UN says 13 million affected by disasters in Latin America and the Caribbean region in 2015

Epidemics like chikungunya, a virus transmitted by the Aedes aegypti mosquito, was among the disasters which affected 13 million people in Latin America and the Caribbean region in 2015. Photo: WHO/PAHO/Luz Sosa

13 November 2015 – A staggering 13.2 million people in Latin America and the Caribbean were affected by disasters between January and October 2015, a report from the United Nations relief wing revealed, warning the situation could be further exacerbated by the current powerful El Niño.

According to a bulletin published by the UN Office for the Coordination of Humanitarian Affairs (OCHA), the figure exceeds the number of people affected in 2014 (11.4 million), serving as a reminder that “preparedness efforts must remain a priority to reduce impacts and humanitarian needs.”

The report also found that drought affected most people (7 million), followed by excessive rains, floods and epidemics like dengue, chikungunya and cholera.

Some of the other disasters that affected the region in 2015 are hurricanes, violence, environmental emergencies and cold waves, the report said.

Additionally, the report warns that El Niño will worsen drought in Central America and will bring above average rainfall in South America, where it is expected to peak in November-December.

Further, the study Hunger without Borders, conducted by the International Organization for Migration (IOM) and the World Food Programme (WFP) revealed that there is a correlation between food insecurity, violence and migration in countries of the Northern Triangle in Central America.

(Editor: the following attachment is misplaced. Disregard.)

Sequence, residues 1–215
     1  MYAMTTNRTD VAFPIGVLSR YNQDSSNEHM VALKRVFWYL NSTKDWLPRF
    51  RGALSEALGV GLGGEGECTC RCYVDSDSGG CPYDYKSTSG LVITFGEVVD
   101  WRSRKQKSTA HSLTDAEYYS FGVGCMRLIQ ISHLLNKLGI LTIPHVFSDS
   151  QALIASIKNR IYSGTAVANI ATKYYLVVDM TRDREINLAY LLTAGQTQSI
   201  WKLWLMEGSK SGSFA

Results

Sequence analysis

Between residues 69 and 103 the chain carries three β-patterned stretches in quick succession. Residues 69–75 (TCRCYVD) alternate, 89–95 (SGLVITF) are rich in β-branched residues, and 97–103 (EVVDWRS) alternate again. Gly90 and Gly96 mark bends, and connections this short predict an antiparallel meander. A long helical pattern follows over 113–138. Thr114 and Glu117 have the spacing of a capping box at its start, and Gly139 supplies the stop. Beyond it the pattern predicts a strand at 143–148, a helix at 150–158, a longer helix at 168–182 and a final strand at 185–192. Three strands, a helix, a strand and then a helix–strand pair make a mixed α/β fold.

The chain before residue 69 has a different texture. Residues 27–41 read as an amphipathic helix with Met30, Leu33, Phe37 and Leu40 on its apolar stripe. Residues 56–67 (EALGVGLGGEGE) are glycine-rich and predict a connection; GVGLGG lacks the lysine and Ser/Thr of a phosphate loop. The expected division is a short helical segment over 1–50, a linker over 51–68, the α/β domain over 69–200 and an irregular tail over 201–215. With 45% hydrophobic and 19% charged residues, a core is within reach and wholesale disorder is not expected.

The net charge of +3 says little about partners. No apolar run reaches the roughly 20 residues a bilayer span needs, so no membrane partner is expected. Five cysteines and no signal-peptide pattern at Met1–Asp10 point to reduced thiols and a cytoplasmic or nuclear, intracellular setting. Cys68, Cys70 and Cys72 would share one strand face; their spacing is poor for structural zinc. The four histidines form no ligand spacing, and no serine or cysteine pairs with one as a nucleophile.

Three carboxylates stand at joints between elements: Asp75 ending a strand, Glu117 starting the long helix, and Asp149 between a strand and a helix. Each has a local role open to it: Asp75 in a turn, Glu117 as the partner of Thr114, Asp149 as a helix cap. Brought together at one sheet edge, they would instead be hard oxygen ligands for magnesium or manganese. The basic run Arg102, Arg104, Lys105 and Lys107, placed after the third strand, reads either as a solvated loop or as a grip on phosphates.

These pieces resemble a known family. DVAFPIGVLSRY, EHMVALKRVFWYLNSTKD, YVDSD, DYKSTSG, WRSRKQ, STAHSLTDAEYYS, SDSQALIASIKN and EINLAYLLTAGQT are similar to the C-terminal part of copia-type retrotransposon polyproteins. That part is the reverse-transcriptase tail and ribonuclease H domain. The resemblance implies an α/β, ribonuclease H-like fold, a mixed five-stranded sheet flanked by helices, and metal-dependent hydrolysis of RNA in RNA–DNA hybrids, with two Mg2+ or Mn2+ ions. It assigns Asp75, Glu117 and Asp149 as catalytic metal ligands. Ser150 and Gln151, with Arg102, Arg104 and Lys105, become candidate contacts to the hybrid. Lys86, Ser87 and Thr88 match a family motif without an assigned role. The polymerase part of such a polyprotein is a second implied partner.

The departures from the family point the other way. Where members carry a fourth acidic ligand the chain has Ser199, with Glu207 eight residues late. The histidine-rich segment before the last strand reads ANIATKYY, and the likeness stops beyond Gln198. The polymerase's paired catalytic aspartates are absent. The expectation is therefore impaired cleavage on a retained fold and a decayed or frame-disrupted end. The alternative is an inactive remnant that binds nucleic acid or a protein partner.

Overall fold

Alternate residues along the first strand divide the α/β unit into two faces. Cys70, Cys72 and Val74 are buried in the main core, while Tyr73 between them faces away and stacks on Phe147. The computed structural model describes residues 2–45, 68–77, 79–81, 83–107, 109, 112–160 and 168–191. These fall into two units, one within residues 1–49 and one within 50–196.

The report recommended a more profound analysis of the situation in order to have a deeper understanding of the effects of violence, food insecurity and their impact on migratory patterns.

Further recommendations included reinsertion of deportees and returnees, strengthening the resilience of children and youth whose parents have emigrated against crime and violence, promoting livelihoods, and developing advocacy strategies where local governments play a leading role, along with UN agencies and other international organizations.

Lastly, the report underscored the need to initiate concrete actions at the first World Humanitarian Summit, slated to take place in Istanbul, Turkey in 2016, and to find new ways to address the humanitarian needs in a changing world.

“The World Humanitarian Summit is our generation’s opportunity to re-inspire the world with our humanitarian ambition,” said Under-Secretary-General for Coordination of Humanitarian Affairs and UN Emergency Relief Coordinator Stephen O’Brien.


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